Sisley Eau du Soir has an interesting story. Count Hubert d’Ornano created the scent as a gift for his wife, countess Isabelle d’Ornano, who after nine years of being it’s exclusive wearer, decided to release the fragrance to the public. That’s why their names are in the bottle.
Now if the “count” title didn’t tip you off, don’t go running yelling at your significant other about how they should give you better presents just yet. Hubert d’Ornano was the founder of Sisley Cosmetics, and the d’Ornanos are billionaires. That explains a lot. It’s the truest case of what to gift someone who has everything. Also might explain why the perfume actually smells expensive.
From another (s)Century is a series of reviews of vintage fragrances. The perfumes in this series were launched or designed before the year 2000.
Sisley Eau du Soir was created in 1990, my year of birth. Seemed fitting that this was the one to start off this series. Eau du Soir is a Chypre Floral fragrance. Chypre fragrances are characterised by their woody base; bergamot, patchouli, oak moss are very common notes in them. They’re present in Sisley Eau du Soir, but I don’t consider it, at all, a woody fragrance. The notes are the following:
- Top notes: Mandarin, Grapefruit, Pepper;
- Middle notes: Syringa, Jasmine, Rose, Ylang-Ylang, Lily of the Valley, Iris, Juniper, Clove, Genever Clove
- Base notes: Musk, Amber, Oak moss, Patchouli, Cistus
Upon first spray I can indeed smell a lot of green and wood. There’s some acidity, some bitterness – the opening is very earthy to me, fresh and masculine, but the dry down doesn’t take long and that’s when this perfume really starts to triumph. Beneath the wood there’s a aldehydic layer over a powdery, musky base. I can also detect a hint of amber that warms and sweetens the sharpness of the woody notes.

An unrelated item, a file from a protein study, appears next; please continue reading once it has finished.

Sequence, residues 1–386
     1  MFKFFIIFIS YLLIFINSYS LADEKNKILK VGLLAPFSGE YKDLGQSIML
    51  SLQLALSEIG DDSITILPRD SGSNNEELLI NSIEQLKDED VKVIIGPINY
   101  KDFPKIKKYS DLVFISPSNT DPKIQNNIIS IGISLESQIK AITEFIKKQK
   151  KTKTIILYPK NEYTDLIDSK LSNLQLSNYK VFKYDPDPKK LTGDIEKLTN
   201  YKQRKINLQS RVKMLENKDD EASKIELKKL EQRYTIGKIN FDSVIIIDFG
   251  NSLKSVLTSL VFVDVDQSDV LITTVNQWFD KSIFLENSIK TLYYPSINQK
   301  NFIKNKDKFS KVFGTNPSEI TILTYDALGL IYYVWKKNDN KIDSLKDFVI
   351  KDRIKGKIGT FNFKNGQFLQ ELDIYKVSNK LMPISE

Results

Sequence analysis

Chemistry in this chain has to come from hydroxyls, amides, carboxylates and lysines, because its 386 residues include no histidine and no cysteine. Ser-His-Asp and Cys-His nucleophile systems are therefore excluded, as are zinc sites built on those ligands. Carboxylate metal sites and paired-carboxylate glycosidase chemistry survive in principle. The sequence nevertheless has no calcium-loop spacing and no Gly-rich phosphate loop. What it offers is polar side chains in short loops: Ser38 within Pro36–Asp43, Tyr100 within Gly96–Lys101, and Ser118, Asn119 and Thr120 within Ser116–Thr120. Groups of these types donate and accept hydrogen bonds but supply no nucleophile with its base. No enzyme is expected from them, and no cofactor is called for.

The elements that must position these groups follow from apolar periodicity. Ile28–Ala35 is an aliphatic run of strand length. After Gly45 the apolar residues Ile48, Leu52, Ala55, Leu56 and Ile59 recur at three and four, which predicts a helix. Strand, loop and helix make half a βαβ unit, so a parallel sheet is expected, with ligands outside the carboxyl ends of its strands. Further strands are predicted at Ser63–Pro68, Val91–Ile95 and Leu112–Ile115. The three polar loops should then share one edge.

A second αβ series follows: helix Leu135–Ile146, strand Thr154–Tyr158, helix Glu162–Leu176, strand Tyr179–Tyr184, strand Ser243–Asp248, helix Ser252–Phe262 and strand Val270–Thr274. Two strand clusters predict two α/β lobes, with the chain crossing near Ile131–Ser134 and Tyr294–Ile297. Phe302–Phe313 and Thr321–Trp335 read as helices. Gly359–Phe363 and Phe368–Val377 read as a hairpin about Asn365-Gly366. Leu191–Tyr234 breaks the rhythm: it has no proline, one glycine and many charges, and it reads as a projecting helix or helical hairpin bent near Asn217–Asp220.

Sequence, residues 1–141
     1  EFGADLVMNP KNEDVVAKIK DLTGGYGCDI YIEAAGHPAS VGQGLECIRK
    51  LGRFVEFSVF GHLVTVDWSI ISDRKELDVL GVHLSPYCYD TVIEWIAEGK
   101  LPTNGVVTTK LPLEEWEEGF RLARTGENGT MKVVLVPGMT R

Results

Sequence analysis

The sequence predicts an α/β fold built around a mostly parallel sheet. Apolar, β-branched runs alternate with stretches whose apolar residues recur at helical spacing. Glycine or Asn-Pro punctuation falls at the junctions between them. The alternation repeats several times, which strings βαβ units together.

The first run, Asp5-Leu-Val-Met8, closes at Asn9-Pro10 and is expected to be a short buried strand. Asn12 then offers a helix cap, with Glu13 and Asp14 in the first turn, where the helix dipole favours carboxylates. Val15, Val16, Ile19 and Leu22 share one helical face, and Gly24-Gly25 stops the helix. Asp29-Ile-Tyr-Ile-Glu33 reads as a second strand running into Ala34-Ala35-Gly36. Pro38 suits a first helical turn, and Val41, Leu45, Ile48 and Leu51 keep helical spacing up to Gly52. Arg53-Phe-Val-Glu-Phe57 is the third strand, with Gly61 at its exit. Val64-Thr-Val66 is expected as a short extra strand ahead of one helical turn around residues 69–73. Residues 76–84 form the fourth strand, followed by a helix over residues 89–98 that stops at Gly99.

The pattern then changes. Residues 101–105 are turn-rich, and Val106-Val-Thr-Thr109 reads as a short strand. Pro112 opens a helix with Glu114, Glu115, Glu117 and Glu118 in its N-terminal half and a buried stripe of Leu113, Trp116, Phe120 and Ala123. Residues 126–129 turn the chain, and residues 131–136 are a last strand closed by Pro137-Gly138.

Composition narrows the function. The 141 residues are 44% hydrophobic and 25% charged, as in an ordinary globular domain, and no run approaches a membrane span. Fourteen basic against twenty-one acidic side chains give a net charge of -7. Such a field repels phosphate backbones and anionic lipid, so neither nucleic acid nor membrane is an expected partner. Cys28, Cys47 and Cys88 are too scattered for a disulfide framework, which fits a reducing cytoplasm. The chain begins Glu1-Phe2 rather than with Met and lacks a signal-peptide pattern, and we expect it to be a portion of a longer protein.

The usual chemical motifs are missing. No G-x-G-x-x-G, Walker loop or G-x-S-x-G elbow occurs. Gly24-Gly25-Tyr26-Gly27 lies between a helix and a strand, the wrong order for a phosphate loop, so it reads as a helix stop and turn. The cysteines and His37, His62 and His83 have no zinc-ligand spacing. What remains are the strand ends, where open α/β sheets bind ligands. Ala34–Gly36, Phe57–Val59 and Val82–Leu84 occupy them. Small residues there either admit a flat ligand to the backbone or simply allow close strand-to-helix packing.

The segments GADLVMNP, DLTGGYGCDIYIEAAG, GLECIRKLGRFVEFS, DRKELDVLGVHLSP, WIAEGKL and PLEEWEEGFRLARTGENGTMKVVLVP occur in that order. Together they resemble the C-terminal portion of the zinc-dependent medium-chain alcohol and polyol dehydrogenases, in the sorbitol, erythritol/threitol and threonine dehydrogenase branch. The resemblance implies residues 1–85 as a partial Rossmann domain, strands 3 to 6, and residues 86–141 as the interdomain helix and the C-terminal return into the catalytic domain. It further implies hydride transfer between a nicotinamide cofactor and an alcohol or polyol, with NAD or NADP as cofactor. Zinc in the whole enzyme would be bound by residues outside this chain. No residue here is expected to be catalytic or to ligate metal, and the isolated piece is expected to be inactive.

The end result is a soapy, layered, clean smelling fragrance that is still deep and mature, but without being dark or heavy – you can still wear this during a sunny Summer day.
Summing it up, it’s a fresh green shell that envelops a warm powdery heart, and that remains true with every time I’ve used it, but honestly, I think this perfume never smelled exactly the same twice. Yes, the essence is the same, but there are so many nuances to it that every time is a bit different. Sometimes it’s less earthy, sometimes it smells so much of patchouli, other times it’s almost sweet. Maybe it’s my skin chemistry, maybe it’s my nose, but this is the most complex scent I have ever tried.
To me, it’s meant for a woman, but it’s not feminine. And it’s the farthest thing from childish you’ll ever get. There’s nothing shy about this fragrance, but it’s also not loud. It’s powerful without being intrusive. I agree with a few reviewers I’ve seen that mention that this is a scent a confident woman wears. A scent for someone who has their sh*t together. It smells like it’s saying “Hi, how are you? I’m wealthy, thank very much”.
I would say sillage is medium range. Like the perfume’s personality, it’s there, it’s present, but it’s not in your face. For lasting power, I’d say it holds well for 7 hours before starting to fade. I can still sense it after 9 hours, but it’s a very fainted, warmer version of the fragrance.
Try it before you buy it. I’m a fan, but it’s certainly a vintage fragrance, and I’ve seen this happen way too often to not warn you that it might be something you associate with smelling like an older woman, or how people usually say it, “smelling like grandma”. I don’t have qualms with it, my grandmother always smells fantastic.